Exercise can help patients become physically fit and less depressed after suffering a heart failure. Also, exercise has now been associated with a small reduction in the number of deaths and hospitalization in people who've been receiving treatments following heart failure.

"We do not know what comes first – heart disease or depression – but we do know the two are often related, and if depression gets worse, people have worse outcomes. Exercise has been shown to be safe for people with heart disease, and it also improves depression. These data show the combined benefits of exercise for this population include improved mental health and improved cardio-vascular health," said lead author James A. Blumenthal, PhD, professor of psychiatry and behavioral sciences at Duke.

In the present study, around 2,300 patients were enrolled from U.S., Canada and France. The participants were randomly assigned in to two groups; one group received usual medical care and exercise recommendation while the other group received medical care plus a supervised exercise routine for three months. After three months, the exercise group was asked to continue these exercises at home.

All participants, including group one, filled questionnaires that measured their level of depression. These questionnaires were administered once every three months during the first year of the study. Participants were also asked to regularly visit the hospital for check-up.

Researchers found that participants who exercised using a stationary bike or a treadmill had healthier hearts than participants who didn't exercise.

Moderate Exercise Lowers Depression

The study also found that people who regularly exercised had lower levels of depression than others. Exercise lowered depression scores meaning that patients developed a positive attitude towards life when they exercised regularly.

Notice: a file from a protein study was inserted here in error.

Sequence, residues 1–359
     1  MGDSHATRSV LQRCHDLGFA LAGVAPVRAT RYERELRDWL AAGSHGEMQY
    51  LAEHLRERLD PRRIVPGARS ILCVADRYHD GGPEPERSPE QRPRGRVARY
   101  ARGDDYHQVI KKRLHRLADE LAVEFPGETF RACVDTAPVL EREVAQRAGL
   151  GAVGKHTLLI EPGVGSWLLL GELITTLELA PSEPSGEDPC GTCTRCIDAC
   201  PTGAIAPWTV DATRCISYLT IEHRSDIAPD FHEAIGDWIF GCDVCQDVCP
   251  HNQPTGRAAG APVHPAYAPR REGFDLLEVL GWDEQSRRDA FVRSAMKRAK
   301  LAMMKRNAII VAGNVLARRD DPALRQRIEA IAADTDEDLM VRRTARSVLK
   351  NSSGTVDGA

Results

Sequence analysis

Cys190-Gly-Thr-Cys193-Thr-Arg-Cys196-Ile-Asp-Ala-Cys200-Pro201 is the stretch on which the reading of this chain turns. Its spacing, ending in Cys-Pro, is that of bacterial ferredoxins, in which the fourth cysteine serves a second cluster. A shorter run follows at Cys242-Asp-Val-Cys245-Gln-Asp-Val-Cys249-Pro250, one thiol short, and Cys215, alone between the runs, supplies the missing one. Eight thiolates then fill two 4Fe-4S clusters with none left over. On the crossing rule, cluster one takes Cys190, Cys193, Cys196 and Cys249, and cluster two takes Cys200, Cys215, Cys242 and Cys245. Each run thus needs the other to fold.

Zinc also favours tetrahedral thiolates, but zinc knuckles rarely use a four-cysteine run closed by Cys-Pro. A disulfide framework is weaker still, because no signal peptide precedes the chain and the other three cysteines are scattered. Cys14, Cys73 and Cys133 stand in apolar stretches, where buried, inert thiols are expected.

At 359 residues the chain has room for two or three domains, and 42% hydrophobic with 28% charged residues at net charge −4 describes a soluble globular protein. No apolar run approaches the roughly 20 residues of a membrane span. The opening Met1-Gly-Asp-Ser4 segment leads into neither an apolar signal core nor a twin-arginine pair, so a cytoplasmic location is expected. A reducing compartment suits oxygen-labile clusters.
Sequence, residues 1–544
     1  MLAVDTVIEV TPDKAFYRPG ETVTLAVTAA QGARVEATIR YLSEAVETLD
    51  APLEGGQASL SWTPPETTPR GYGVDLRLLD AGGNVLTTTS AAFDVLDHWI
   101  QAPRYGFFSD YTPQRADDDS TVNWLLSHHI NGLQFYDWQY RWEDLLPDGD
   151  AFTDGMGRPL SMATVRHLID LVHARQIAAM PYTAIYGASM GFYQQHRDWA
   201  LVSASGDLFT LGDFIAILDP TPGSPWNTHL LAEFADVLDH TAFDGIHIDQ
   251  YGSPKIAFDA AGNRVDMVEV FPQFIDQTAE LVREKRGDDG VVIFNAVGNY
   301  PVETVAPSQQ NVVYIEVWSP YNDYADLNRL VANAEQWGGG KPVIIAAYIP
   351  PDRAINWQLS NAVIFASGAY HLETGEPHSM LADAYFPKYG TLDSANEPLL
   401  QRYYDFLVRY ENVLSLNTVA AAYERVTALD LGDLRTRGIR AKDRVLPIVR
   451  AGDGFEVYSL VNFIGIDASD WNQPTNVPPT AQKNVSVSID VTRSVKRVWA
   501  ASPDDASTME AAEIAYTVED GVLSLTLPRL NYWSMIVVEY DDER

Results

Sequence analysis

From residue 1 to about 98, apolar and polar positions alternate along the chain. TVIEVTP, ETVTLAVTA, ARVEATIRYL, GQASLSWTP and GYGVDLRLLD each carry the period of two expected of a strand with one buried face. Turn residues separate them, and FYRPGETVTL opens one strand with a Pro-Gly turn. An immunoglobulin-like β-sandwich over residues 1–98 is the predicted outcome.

Previous research has shown that depression can be a factor that determines whether or not a person will live for long after a heart attack. Researchers say that almost 40 percent of people with heart failure suffer from clinical depression.

"This study shows that exercise is associated not only with physical health benefits, but important mental health benefits as well. It doesn't require intensive training for a marathon to derive benefits. We're talking about three, 30-minute sessions for an accumulated 90 minutes a week. And the results are significant improvements in mental health, reduced hospitalizations and fewer deaths," Blumenthal said.

Other researchers had found that patients who've had heart failure benefitted from exercises like Nordic walking as it doesn't cause stress (change in heart rhythm or blood supply) to the body and yet significantly increases oxygen consumption.

The present study is published in the Journal of American Medical Association.

The results of this study are encouraging for people who've had a heart failure. However, consult your physician before making any dietary or exercise changes.

"Heart failure is a very serious medical condition, and before anyone starts an exercise routine they should really consult their doctor," Blumenthal told Reuters Health.